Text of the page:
An American woman who tipped the scales at 135kg has been refused residency in New Zealand because of her weight and health.
The 41-year-old, who had a body mass index (BMI) of 50 when she applied in January last year, suffers from morbid obesity and type 2 diabetes.
At her heaviest, she was said to weigh 148kg. A "normal" BMI ranges from 18.5 to 25.
Though she had taken steps to lose weight since making her application with her 31-year-old husband and two-year-old son, she still had a BMI of 47.
Immigration New Zealand (INZ) turned down their application for residence on account of the woman's unacceptable standard of health.
Now the Residence Review Board has thrown out their appeal.
"It is difficult to see how the INZ officer could have come to a different conclusion on the (medical) advice and information placed before her," the board said.
While the unnamed couple did not have job offers and indeed had no connection with the country, they scored well on other aspects of their application.
The husband was a butcher with an Arts degree and culinary qualification, and the wife who had business qualifications also had 17 year's experience in design.
INZ concluded that although the couple "had the potential to have a relatively significant contribution to New Zealand through their skills and experience, it was not compelling enough to outweigh the potential cost (the wife) was likely to impose on the NZ health service", the board said.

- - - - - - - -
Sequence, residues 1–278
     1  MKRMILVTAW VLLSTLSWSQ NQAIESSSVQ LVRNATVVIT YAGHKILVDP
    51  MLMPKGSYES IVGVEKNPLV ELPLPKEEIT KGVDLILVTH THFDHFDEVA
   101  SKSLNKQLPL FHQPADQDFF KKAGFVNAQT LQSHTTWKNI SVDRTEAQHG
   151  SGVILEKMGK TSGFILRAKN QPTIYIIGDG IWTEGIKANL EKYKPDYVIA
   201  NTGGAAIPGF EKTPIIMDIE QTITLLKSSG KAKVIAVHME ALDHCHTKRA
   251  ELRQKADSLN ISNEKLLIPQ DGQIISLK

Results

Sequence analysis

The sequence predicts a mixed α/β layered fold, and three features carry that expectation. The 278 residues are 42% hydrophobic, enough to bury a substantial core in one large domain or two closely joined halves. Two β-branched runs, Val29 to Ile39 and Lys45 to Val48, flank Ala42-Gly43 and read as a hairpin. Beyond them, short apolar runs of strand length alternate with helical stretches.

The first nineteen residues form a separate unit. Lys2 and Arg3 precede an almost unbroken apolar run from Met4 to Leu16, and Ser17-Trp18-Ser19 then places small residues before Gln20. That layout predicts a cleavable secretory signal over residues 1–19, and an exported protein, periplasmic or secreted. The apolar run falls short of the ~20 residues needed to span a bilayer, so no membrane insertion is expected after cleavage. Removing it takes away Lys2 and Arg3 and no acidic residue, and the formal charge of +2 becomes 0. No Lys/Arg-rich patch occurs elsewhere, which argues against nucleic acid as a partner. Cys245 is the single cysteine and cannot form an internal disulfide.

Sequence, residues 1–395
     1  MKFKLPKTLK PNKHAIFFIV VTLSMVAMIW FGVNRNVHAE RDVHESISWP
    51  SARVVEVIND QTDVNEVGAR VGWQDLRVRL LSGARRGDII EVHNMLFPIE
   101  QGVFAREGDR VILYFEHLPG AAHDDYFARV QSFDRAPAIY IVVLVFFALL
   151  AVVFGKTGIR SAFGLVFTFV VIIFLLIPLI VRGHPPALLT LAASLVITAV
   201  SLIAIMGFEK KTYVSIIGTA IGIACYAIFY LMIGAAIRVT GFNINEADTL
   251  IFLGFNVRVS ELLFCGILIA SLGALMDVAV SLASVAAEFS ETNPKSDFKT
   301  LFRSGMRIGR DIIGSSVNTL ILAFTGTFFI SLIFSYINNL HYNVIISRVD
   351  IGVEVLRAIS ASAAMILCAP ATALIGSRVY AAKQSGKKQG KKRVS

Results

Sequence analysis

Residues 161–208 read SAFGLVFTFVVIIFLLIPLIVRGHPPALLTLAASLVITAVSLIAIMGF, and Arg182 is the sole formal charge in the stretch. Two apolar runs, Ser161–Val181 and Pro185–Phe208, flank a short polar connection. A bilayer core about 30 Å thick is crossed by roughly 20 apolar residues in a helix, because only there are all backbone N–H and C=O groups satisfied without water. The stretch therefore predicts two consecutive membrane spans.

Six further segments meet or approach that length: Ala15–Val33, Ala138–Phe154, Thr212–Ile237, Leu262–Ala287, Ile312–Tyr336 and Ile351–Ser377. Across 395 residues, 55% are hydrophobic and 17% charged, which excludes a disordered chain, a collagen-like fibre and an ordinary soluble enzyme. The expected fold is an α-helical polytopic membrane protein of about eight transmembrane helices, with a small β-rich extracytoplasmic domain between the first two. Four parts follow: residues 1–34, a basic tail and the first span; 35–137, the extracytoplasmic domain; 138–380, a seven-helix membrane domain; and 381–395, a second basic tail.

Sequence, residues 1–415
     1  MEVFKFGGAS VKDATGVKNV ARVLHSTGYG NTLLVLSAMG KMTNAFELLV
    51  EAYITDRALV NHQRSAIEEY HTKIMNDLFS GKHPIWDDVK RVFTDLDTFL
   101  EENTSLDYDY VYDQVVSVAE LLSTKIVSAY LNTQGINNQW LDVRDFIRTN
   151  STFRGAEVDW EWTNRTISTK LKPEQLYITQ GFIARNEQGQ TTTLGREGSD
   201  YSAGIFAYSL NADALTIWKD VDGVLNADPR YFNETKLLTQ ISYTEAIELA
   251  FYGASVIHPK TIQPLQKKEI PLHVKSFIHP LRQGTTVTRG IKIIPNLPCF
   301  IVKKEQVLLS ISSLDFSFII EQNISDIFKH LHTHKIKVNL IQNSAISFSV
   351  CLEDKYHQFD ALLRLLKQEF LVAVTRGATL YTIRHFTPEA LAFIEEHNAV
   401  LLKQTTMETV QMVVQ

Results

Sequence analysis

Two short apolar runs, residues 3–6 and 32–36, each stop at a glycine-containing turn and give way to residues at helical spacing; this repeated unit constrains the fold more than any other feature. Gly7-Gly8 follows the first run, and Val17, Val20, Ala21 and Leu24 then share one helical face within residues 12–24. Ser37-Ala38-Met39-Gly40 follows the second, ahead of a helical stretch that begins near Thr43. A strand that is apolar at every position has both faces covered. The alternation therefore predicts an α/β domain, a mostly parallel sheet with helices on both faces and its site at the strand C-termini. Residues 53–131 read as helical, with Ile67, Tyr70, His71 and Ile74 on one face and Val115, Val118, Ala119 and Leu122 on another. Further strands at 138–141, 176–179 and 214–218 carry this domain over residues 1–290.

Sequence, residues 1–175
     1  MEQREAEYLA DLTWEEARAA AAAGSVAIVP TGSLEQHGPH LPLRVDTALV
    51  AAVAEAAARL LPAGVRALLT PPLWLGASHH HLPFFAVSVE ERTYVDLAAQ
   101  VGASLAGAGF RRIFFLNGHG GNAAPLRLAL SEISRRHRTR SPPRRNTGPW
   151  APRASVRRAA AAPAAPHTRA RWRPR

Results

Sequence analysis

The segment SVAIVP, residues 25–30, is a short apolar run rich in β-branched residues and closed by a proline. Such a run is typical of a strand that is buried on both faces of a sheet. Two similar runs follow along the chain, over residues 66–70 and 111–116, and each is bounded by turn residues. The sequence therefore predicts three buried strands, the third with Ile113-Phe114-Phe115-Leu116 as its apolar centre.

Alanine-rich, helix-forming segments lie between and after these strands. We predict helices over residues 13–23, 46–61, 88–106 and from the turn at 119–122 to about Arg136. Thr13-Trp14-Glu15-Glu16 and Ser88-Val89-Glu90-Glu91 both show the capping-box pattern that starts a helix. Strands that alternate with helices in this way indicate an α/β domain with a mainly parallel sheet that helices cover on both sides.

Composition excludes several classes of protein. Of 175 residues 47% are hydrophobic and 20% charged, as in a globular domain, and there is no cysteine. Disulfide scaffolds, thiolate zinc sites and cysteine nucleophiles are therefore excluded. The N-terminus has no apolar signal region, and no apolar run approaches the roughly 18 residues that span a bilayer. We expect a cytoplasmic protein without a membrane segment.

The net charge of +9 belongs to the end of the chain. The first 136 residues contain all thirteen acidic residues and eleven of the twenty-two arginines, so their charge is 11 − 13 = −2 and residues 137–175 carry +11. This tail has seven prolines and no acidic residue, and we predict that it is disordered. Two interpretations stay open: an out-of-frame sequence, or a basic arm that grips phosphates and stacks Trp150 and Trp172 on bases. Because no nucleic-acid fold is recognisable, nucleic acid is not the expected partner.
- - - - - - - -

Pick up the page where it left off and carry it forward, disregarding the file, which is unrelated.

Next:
As a result, the INZ refused to grant a waiver to the couple.
A medical assessor said there was a relatively high probability that the wife would cost the health service more than the threshold $25,000 over the next four years.
He noted that the guidelines said that people with BMI over more than 35 should not be considered.
The assessor also said that the woman was at high risk of developing other diseases including heart disease, arthritis, cancer, gout and increased blood pressure.
Since starting the weight-loss programme, the woman said she had lost 24.5kg.
She said her diabetes was manageable and said that the amount spent controlling the disease was only $1090 a year, so it would take 23 years to hit the $25,000 cut-off point.
Her contribution to New Zealand would far outweigh the medical costs, she said.
However, the board said that while medical costs had so far been low, the medical assessment was that diabetes was a chronic condition with significant complications and costs over the lifetime of the condition.
The board said that the substance of the plea for special consideration was that the woman had been following a weight loss regime, which the couple believed would succeed.
"The appellant submits that his application should be considered as an exception to policy in preference to waiting for her to achieve this reduction.
"In effect, the appellant seeks to anticipate the success of his wife's weight reduction programme."